Like Pinterest or Symbaloo, this is a visual way to “bookmark” websites, but it can be used in so. many. ways. For example, I’ve seen 1st grade teachers use it for students to reflect and review literature; middle schools use it to connect parents and students for community building; and a backchannel for all kinds of high school classrooms. It can be used for PD, brainstorming, digital bulletin boards…. Need a loophole around YouTube? Try Padlet – it’s worked for some! Seriously, this tool has so much potential.

Challengecreate a padlet of resources that you can share with students, teachers, or parents. I’m not even going to try to match the genius of Richard Byrne’s posts on Padlet, so watch below on how to get started with the newest version of Padlet (then go read up on his amazing posts!! You’ll be so inspired)

Challenge yourself further: use padlet in a way that is student-curated; have them be active participants in the process whether it’s sharing resources, brainstorming, reflecting, or even posting artifacts they created like YouTube videos, blogs, photos, etc.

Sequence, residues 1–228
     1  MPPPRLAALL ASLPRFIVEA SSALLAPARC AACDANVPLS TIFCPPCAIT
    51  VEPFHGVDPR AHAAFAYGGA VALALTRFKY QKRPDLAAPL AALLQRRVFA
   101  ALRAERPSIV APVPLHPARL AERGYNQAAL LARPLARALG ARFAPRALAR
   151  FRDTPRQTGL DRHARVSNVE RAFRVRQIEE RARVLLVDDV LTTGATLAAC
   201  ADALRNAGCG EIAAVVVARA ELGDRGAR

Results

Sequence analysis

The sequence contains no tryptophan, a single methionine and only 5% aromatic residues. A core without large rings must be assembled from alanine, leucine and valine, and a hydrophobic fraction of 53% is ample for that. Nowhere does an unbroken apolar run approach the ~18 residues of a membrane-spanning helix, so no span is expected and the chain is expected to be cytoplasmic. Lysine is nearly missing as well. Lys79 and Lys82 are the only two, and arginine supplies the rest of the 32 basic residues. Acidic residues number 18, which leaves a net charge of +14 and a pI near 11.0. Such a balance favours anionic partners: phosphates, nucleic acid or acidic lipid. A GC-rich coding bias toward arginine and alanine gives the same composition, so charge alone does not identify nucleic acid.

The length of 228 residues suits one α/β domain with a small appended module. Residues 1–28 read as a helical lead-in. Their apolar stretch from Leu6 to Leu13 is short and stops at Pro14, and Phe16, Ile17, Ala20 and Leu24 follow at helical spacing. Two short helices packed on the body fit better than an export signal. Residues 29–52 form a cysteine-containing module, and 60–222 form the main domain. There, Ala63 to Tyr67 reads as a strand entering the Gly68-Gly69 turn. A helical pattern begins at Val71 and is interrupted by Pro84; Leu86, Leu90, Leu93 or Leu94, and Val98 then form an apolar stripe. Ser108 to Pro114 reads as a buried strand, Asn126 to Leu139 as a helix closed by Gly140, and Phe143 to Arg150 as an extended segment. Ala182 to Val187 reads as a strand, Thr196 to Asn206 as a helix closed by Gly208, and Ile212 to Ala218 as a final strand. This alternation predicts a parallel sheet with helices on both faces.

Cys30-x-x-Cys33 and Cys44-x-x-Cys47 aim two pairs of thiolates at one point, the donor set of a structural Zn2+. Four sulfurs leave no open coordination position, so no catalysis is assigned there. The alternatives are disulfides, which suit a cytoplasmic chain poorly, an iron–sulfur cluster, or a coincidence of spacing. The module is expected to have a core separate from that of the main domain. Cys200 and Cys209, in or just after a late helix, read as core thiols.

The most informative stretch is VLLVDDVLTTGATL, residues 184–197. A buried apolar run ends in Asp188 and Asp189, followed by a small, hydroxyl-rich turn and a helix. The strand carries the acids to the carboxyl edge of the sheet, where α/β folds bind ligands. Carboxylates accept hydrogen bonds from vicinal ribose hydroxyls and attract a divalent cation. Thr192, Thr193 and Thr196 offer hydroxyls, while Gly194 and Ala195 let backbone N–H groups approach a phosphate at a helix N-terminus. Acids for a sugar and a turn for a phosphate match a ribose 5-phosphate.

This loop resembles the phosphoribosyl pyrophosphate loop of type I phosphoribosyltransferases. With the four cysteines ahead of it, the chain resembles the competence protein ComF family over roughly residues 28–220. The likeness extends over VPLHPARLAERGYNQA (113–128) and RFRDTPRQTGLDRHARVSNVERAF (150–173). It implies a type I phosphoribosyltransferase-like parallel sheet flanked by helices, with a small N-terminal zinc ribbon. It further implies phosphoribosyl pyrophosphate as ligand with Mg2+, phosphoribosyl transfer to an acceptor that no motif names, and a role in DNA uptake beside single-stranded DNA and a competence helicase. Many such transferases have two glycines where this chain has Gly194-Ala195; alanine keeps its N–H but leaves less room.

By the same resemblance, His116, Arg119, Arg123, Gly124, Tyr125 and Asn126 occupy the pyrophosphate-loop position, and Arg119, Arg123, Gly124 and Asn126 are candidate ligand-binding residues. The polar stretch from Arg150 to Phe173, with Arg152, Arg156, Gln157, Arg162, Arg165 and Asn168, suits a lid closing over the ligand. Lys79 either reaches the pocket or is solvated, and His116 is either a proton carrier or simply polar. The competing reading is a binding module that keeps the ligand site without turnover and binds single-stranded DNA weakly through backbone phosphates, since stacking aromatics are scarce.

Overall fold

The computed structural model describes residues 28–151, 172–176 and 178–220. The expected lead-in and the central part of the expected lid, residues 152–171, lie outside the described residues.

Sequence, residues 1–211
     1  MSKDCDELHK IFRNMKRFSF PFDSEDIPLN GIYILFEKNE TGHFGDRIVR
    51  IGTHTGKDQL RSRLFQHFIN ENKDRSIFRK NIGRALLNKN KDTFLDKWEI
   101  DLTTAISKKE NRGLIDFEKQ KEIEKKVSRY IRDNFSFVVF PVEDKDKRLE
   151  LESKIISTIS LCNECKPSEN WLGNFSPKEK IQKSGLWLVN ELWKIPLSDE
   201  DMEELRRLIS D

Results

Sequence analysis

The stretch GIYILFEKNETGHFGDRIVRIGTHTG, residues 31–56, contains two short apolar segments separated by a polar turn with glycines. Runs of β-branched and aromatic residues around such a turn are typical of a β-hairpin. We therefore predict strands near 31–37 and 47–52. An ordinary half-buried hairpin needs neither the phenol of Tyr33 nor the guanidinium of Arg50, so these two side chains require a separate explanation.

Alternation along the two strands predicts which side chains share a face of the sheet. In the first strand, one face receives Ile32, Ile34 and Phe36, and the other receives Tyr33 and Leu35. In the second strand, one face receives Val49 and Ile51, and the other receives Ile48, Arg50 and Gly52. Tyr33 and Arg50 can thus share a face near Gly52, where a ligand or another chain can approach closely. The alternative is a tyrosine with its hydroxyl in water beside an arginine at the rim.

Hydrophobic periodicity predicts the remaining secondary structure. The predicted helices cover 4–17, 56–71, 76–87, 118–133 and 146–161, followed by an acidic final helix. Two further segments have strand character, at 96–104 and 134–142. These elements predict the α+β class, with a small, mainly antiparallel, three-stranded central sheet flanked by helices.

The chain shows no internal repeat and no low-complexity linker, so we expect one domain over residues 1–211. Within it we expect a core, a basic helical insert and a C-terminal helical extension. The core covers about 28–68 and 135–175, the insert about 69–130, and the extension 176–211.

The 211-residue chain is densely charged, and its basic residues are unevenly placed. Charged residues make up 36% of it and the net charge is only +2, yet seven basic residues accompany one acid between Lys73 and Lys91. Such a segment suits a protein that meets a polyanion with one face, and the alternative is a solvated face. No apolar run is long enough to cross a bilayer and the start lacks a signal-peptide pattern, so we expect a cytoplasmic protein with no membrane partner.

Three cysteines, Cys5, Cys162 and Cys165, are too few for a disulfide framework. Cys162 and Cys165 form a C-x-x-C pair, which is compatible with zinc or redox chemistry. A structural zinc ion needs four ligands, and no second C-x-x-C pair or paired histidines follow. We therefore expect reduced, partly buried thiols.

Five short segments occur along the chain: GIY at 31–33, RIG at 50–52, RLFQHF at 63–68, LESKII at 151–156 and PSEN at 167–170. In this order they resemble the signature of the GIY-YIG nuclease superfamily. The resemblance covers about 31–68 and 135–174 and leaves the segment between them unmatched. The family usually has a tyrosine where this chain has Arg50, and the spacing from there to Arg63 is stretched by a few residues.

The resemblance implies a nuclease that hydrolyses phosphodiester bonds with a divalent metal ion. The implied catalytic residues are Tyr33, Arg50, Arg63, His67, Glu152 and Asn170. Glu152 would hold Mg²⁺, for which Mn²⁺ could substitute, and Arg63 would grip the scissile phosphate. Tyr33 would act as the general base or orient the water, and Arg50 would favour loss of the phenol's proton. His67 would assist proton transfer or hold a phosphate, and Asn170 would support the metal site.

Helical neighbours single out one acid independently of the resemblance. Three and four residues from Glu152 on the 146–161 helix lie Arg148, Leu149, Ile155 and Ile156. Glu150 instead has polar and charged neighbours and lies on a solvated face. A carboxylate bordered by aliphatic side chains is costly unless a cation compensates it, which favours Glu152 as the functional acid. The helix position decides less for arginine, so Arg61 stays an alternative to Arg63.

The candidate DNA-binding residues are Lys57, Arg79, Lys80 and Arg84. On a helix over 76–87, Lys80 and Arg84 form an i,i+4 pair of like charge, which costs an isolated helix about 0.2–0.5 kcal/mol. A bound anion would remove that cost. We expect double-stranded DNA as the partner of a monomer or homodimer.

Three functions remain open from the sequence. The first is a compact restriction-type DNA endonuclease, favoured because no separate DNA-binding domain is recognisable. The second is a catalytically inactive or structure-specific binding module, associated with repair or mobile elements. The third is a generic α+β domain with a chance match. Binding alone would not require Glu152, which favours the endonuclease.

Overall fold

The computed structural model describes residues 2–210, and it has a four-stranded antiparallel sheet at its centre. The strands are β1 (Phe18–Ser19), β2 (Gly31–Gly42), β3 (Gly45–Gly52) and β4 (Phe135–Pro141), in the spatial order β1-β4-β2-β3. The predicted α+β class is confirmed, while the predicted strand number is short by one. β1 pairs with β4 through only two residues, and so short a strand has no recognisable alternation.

Learn more @:

How to use Padlet w/ students: Some basic instructions & ideas

Another good How To on using Padlet in the classroom

Padlet’s own Padlet on best uses in Education

Example of Padlet for sharing ideas w/ text, photos, at primary level

Example of Padlet for book recommendations

Example of video reflections, which would make a great feature {this is not padlet, but same model/easy to do w/ Padlet}

And even more ideas for the future! The community wall is a great idea
If you want to connect to other classrooms around the US using this Padlet review/reflect idea, check out this amazing collaborative project!

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